Goldfinger's Trellick Tower managed to scrape through – it had been commissioned by the GLC two years before the Ronan Point explosion – but soon it was open season on the high-rise. Trellick Tower became "the tower of terror" or "Colditz in the sky". Other grand Modernist estates celebrated in the architecture journals, such as Park Hill in Sheffield, inspired by Le Corbusier, and the Byker estate in Newcastle – designed in close consultation with its intended residents – fell prey to the new mood. Liverpool's Everton Heights, built in 1966, was known to its residents as "The Piggeries" and within 12 years of its construction had been completely trashed. The age of social housing, begun with a fanfare as "homes for heroes" in 1919, was drawing to an ugly close.

It was Margaret Thatcher who delivered the coup de grâce. For Thatcher, as Alison Ravetz wrote in her study Council Housing and Culture, these projects "represented all that was profligate in public spending, an egregious intervention in the market and a featherbedding of the undeserving". The estates also, it was argued by the Conservatives, "contributed to unemployment by preventing tenants from moving in search of work… the status of the council tenant was a sort of serfdom". When an estate in Tottenham called Broadwater Farm, with its identical towers and three miles of "streets in the sky", erupted in a bloody riot in October 1985 following the death of a resident, the experiment was dead and buried.

Yet, while many of the attacks on council housing had some justice, there was also an issue of fashion. We are condemned, it seems, to hate the housing preferred by our immediate elders: the Modernist housing boom of the 1950s was fuelled by a loathing of Victorian architecture quite as apoplectic (and unreasonable) as that which descended on the work of the Modernists.

And much of the assault on Modernism was unreasonable. Often the architect was merely the fall guy for sloppy management by the council that ran the blocks. Even more profoundly, as Thatcher saw, the problems were caused by the tyrannies of the housing departments, so the "serfs" on the waiting list got what they were given – with the result that families with small children could find themselves trapped in tower blocks which they shared with drug addicts and hooligans. The misery was real; but when left-wingers such as Jill Craigie blamed the architects, it was a way of evading the real issue.

Tower blocks are not for everybody, but given a choice, some people love the grand views they provide, and do not pine for gardening duty. If the lifts work reliably, if the block is kept clean and decent, they can be fine places to live, as tens of millions of Italians can attest. So when, in 1986, the council changed its policy and started assigning flats in Trellick Tower only to people who wanted them, the block's rehabilitation got under way. The following year, one commentator reported that, while still "terrifying", the flats were now "fashionable". The block's ascent in the fashion stakes has continued unstoppably. And on a more modest scale, the same thing has been happening up and down the country, as young people desperate to get a foot on the housing ladder persuade themselves that the old stigma of council housing is outweighed by other factors: price above all, but not only that.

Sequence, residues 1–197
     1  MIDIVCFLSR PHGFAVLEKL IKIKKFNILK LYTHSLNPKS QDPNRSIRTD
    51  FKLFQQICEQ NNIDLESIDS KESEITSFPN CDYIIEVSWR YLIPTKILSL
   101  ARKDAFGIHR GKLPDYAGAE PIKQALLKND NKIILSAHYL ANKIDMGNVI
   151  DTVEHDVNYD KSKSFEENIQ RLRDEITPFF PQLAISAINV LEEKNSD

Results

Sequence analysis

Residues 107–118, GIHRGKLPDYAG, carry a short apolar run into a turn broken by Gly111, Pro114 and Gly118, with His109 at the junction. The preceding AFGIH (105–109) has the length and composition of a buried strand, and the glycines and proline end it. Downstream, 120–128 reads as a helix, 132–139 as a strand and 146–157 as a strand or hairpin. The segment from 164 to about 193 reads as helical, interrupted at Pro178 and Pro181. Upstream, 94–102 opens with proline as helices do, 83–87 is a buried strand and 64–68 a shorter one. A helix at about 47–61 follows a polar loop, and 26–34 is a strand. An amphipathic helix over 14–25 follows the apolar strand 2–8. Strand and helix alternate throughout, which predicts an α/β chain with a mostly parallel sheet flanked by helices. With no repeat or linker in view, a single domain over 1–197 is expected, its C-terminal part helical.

I admit it was the price that made me look again at that rather shabby maisonette offered for sale in Regent's Park Estate: it was a good 15 per cent cheaper than Victorian conversions of comparable size. Bought by its tenant a few years earlier, it had been furnished as cheaply as possible and let to students. But during repeated visits, I found things to admire that I had not expected. It was, for example, very well built: back in the late 1950s, the heyday of council estates, funding was not a problem, and none of the sort of short cuts favoured by speculative builders had been necessary. Constructed of brick and concrete, the sound-proofing was immaculate. The private 30ft garden faced south-west, enjoying sun all afternoon, and was bordered at the back by an allotment. As a result, the flat was remarkably quiet for central London.

Nor were these accidental virtues. Designed by an architect called Fred MacManus, largely forgotten today but the winner in his time of a Royal Institute of British Architects (RIBA) medal and other awards, its lines were uncompromisingly modern and international, yet there was a lot about it that was distinctively British, too. It combined a handful of towers and slabs – none of them half as challenging as Goldfinger's – with maisonettes like mine, many with private gardens or terraces: mixed development, as it was called, "towers plus cottages" in the words of architectural historian Mark Swenarton: the orthodoxy of the time. It was set within a pedestrian precinct but was connected organically to the surrounding roads.